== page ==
In the first two posts in this series, we examined why building a financial model for your startup is important and how to practically get started with your assumptions tab. Today, we’ll continue by diving into the income statement and supporting tabs used to calculate your projected revenue and expenses.
In the previous post of this series, we described what financial modeling is and why it is important for startup founders to build their own models from scratch. Today, we’ll begin by diving into how to practically start building a financial model. In coming weeks, we will also be covering the income statement as well as cash flow, balance sheet and keeping the model updated.
This series is the result of a friendly debate I had recently with Troy Henikoff (former Techstars Chicago Accelerator Managing Director) regarding the best approach for founders to take when building a financial model. More accurately, the “debate” was a strong adverse reaction from Troy after I shared a template I built for Prota Ventures’ portfolio companies. His feedback was, essentially, to never use a template and instead build each model from scratch.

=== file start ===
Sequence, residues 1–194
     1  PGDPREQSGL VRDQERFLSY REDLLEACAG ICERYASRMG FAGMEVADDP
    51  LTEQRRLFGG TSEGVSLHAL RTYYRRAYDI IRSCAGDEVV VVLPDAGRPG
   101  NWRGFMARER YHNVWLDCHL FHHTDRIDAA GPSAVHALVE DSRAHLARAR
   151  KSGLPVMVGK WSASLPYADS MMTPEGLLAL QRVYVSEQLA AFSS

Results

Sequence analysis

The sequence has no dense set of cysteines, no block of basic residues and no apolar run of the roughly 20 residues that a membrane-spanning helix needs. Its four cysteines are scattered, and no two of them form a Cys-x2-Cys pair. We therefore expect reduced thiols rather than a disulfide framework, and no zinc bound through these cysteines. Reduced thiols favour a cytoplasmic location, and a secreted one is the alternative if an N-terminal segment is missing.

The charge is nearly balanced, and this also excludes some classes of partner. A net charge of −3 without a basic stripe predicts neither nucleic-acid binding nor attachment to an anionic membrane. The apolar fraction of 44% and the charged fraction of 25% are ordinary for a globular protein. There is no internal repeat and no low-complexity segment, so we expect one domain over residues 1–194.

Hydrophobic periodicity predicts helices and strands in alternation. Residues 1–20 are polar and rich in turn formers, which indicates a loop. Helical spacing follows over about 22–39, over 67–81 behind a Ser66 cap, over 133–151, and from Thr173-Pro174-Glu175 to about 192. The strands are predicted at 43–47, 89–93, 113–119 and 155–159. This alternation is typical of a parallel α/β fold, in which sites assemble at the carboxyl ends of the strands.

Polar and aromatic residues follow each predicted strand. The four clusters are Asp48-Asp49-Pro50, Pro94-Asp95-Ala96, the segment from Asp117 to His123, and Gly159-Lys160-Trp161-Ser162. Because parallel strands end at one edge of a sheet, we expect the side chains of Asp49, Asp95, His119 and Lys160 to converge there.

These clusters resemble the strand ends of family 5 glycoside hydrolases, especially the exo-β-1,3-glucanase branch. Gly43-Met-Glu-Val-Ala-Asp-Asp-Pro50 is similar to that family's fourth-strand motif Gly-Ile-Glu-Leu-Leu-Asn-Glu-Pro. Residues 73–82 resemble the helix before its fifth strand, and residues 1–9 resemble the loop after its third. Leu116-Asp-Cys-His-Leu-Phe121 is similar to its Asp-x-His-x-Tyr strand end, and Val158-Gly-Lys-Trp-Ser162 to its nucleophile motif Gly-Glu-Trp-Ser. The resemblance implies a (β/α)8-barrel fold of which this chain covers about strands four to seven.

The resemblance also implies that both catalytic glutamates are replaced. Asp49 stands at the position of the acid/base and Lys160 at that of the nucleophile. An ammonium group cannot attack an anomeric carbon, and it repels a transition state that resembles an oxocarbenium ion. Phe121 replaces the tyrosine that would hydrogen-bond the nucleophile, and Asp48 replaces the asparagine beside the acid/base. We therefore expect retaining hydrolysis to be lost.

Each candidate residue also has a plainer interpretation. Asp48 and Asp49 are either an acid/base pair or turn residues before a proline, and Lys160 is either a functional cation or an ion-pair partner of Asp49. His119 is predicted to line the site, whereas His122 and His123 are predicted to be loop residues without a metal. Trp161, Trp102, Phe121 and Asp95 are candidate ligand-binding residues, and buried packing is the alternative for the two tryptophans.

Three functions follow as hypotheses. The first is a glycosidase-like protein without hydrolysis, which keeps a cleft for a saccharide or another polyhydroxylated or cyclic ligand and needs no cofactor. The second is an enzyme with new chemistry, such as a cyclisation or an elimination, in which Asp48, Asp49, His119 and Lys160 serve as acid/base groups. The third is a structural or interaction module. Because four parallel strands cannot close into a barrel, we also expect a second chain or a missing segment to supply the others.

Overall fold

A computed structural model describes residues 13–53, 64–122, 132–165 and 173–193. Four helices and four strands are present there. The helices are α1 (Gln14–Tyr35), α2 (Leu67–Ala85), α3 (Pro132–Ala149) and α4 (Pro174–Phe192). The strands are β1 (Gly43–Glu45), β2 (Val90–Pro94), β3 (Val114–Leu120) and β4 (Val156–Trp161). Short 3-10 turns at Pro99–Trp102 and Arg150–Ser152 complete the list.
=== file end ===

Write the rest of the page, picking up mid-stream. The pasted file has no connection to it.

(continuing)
A: At MATH Venture Partners we're focused on customer acquisition and so most of what we ask during these meetings is to learn about the customer acquisition strategy, current traction, go-to-market plan and related areas. Typically VCs will want to learn about the team, product and technology behind it, business model and sales. The most important thing to convey during the first meeting is,
1. What problem are you solving and what's the solution?
2. Who is your customer?
3. Why are you the best person to solve this? What is the unfair advantage or differentiators?